Lions Gate Entertainment, the embattled studio under siege from dissident investor Carl Icahn, has been holding merger discussions with the management of beleaguered Metro-Goldwyn-Mayer, according to people close to the situation.
The talks, if successful, could result in a powerful independent studio with a library of thousands of movies and television shows that would be run by Lions Gate's management team.
People with knowledge of the discussions said that Lions Gate Chief Executive Jon Feltheimer and Vice Chairman Michael Burns were pursuing a merger with MGM to fend off a takeover attempt by Icahn, who has accumulated nearly one-third of Lion Gate's stock and has threatened to wage a proxy war to gain control.
However, the people said the talks were fluid and Lions Gate had not presented a specific merger proposal. Moreover, such a transaction would face significant hurdles.
Lions Gate would first have to win Icahn's approval, which it might accomplish by granting him board seats as part of a settlement to stave off his proxy war. Icahn opposed a $1.4-billion offer Lions Gate made to acquire MGM earlier this year, and the bid was subsequently withdrawn.
Icahn could not be reached for comment.
MGM is looking for a way to avoid bankruptcy as it struggles with $4 billion of debt, much of which it incurred several years ago in a leveraged buyout by an investor group.
The 86-year-old studio's top debt holders have been pushing the company to reorganize in a so-called pre-packaged bankruptcy. The creditors have been in talks with film finance and production company Spyglass Entertainment and with "Twilight" studio Summit Entertainment about taking over MGM under such a scenario.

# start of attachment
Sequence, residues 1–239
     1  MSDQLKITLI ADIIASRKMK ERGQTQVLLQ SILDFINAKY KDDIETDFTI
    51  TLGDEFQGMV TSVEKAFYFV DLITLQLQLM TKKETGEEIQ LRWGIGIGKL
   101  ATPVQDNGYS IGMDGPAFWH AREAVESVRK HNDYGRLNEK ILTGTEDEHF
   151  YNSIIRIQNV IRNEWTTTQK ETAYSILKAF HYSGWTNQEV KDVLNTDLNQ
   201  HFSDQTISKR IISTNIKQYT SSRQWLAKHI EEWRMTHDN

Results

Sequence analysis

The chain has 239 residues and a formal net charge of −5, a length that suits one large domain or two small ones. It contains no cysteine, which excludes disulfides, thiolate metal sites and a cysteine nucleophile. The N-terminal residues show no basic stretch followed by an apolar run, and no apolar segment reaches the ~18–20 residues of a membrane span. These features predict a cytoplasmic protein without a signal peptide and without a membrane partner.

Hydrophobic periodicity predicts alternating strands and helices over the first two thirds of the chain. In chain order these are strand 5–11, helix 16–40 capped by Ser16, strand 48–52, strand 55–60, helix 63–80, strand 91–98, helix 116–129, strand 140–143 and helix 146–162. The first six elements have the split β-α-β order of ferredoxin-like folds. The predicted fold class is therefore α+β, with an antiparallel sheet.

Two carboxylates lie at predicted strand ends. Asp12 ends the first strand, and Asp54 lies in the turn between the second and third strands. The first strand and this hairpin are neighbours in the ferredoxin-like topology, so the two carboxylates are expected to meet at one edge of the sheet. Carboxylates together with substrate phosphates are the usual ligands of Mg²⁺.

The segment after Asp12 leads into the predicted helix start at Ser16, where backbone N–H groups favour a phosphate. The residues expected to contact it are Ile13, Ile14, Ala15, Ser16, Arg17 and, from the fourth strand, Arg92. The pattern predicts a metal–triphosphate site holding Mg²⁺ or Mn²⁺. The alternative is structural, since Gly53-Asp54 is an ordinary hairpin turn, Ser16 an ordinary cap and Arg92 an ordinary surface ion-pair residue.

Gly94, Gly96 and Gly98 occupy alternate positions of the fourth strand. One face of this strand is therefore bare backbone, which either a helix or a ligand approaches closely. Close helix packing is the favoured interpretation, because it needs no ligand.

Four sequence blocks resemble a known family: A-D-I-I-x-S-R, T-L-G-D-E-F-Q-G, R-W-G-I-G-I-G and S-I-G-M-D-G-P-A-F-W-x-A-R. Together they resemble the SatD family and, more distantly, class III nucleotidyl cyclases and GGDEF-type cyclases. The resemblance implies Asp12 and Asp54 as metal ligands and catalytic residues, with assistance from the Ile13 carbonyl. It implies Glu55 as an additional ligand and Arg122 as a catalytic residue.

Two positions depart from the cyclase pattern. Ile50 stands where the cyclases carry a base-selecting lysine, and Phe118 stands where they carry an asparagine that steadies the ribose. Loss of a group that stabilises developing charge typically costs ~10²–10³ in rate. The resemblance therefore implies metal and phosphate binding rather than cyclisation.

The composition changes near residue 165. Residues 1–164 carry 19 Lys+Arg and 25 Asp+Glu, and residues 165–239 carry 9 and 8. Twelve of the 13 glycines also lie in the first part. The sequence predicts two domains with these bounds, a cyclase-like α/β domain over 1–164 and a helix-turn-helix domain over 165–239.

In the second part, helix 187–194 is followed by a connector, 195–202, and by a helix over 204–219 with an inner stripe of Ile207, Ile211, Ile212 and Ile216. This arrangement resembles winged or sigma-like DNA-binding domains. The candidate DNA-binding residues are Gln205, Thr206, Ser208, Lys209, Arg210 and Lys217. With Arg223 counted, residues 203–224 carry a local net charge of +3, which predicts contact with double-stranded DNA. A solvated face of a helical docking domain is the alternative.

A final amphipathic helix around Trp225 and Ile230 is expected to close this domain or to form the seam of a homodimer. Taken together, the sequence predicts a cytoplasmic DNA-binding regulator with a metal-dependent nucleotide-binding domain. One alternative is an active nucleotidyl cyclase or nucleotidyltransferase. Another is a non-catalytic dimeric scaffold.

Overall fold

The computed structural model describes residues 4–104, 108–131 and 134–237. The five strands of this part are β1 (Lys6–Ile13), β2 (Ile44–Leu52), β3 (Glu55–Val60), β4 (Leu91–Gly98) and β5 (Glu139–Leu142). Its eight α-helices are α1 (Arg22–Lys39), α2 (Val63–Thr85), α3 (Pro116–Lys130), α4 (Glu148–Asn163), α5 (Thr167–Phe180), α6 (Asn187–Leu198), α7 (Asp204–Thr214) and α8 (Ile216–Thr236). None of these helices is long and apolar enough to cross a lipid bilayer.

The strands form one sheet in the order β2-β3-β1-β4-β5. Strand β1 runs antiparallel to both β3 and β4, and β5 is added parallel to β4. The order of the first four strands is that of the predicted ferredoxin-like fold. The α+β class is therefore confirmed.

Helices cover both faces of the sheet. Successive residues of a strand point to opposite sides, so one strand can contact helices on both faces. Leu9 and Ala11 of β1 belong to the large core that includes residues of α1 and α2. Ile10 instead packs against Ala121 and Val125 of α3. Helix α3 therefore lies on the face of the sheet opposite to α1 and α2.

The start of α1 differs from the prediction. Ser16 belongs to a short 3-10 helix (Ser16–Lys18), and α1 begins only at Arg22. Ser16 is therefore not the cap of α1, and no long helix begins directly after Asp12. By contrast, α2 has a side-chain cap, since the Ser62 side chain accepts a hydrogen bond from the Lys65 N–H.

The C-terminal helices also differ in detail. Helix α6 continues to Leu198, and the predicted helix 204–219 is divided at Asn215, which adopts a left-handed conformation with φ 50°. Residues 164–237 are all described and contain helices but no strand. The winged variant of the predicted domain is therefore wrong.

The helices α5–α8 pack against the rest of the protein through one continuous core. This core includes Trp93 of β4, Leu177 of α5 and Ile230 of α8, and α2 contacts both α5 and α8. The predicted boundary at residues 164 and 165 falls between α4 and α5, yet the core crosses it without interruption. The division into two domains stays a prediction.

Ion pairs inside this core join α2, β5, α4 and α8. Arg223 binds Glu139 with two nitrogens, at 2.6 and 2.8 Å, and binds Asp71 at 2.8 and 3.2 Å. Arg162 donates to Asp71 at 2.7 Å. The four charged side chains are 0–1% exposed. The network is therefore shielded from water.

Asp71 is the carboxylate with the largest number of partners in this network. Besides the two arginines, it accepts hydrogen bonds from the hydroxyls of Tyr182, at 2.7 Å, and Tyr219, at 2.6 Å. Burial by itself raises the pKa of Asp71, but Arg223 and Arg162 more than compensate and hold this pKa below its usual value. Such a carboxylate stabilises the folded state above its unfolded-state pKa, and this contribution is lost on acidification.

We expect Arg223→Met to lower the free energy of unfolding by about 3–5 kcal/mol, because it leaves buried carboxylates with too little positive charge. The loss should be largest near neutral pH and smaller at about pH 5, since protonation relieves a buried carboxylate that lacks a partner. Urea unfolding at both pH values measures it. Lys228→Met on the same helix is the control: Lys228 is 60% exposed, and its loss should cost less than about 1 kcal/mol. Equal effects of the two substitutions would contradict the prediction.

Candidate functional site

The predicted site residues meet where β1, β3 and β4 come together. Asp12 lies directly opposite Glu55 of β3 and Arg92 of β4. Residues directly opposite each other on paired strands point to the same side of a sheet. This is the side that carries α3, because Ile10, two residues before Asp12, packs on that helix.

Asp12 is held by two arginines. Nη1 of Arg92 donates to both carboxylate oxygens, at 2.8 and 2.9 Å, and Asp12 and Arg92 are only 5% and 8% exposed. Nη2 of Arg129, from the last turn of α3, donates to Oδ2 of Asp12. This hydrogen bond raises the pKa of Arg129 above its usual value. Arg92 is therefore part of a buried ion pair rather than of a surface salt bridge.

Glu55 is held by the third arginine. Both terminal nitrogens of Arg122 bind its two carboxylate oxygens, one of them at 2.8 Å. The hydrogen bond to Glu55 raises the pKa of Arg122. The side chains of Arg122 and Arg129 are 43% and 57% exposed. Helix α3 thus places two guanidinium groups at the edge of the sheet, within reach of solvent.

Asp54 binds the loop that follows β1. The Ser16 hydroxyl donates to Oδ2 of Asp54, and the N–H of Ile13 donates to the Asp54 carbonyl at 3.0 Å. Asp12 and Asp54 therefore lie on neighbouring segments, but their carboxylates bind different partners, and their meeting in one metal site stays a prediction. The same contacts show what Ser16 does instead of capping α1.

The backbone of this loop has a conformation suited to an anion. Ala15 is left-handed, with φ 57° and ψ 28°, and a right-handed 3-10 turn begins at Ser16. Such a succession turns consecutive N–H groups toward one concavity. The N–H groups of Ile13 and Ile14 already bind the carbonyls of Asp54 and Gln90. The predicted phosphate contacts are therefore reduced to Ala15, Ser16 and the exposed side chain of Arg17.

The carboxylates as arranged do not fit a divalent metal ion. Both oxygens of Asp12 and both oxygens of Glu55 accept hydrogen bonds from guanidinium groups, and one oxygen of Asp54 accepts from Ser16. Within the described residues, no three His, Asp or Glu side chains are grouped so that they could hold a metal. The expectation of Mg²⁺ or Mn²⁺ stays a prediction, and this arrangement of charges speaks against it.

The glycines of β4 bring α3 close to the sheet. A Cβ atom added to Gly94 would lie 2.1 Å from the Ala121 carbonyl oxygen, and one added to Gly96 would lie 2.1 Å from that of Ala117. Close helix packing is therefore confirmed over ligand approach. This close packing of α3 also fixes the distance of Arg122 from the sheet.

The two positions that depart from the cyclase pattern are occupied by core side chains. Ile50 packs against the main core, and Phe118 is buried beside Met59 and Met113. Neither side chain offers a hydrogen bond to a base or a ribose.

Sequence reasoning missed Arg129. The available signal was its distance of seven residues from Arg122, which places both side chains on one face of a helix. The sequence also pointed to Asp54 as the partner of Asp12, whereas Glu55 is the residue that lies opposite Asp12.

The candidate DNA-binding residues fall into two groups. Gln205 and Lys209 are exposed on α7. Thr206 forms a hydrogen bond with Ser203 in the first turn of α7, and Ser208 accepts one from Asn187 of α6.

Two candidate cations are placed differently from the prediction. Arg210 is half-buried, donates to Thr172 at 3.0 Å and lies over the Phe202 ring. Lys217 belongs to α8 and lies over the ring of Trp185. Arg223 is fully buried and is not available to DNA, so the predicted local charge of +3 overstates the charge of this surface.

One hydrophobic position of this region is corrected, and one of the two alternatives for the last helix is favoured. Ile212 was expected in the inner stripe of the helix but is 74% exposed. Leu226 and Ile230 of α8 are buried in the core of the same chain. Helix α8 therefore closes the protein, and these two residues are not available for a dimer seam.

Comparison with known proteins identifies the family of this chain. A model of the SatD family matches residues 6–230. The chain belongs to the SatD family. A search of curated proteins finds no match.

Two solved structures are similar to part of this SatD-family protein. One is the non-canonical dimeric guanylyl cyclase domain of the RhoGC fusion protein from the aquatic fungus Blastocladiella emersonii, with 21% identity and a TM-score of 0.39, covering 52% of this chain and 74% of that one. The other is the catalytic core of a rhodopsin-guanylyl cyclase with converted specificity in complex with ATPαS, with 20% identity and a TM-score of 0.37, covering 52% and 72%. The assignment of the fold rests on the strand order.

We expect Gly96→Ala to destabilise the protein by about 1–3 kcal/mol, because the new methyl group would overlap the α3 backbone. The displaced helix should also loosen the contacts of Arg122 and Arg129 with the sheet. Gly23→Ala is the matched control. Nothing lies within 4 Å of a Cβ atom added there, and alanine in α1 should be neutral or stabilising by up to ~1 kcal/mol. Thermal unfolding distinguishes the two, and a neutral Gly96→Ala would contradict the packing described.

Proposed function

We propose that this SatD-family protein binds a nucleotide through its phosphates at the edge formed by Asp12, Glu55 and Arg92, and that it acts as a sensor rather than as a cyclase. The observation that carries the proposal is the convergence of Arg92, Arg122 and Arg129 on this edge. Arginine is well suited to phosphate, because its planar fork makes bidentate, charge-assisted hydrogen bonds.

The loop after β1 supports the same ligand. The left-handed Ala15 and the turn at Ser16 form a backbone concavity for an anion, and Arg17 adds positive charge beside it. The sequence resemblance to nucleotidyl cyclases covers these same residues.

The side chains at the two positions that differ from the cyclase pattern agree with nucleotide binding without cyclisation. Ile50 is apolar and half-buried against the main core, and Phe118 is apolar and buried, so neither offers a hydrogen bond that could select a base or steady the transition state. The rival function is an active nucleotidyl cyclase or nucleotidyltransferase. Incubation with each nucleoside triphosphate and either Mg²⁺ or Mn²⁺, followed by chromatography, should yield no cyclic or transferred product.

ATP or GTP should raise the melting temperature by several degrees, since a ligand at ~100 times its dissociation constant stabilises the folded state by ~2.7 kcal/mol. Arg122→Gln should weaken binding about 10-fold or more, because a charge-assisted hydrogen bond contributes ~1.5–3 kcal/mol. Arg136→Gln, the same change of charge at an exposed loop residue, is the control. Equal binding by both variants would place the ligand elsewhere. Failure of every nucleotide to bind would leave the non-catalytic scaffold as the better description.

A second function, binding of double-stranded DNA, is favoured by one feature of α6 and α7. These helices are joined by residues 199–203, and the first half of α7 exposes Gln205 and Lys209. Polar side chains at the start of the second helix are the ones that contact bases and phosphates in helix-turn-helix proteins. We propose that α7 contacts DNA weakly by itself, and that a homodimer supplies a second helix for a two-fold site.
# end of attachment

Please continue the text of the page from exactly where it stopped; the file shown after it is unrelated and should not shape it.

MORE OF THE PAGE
For a merger with Lions Gate to go forward, MGM creditors would have to bless the transaction or be repaid the substantial amount of money that they are owed by MGM's current owners, which include private equity funds Providence Equity Partners and TPG Capital.
Spyglass and Summit have their own plans for MGM and have been awaiting word about where their proposals to run the studio stand.
Under its plan, Spyglass would substantially reduce MGM's approximately $150million in annual overhead costs by slashing staff and outsourcing theatrical distribution, people close to the situation said.
Under the Spyglass plan, the downsized MGM would probably relocate from its costly leased headquarters in Century City, and produce only a few films each year. The studio would be run by Spyglass co-Chief Executives and founders Gary Barber and Roger Birnbaum, who would receive a small equity stake in MGM while the majority would be owned by bondholders who would swap their debt for equity, people close to the situation said.
In Summit's plan, its executives would run the combined company and oversee the production and distribution of its movies.
Both Spyglass and Summit recently made presentations to top MGM creditors, including Anchorage Advisors, Highland Capital Management and Davidson Kempner Capital Management, explaining their visions for keeping MGM a going concern.
Any agreement between Spyglass or Summit and MGM's largest creditors would have to be approved by all of the studio's debt holders.
Proposals by current MGM management — including a plan by motion picture group Chairwoman Mary Parent to recapitalize the studio, as well as a $1.5-billion acquisition offer by Time Warner Inc. — have not been formally rejected by creditors but are considered long shots by people close to the company.
A fifth forbearance of MGM's interest payments on its nearly $4-billion debt load granted last month by creditors is set to expire July 14.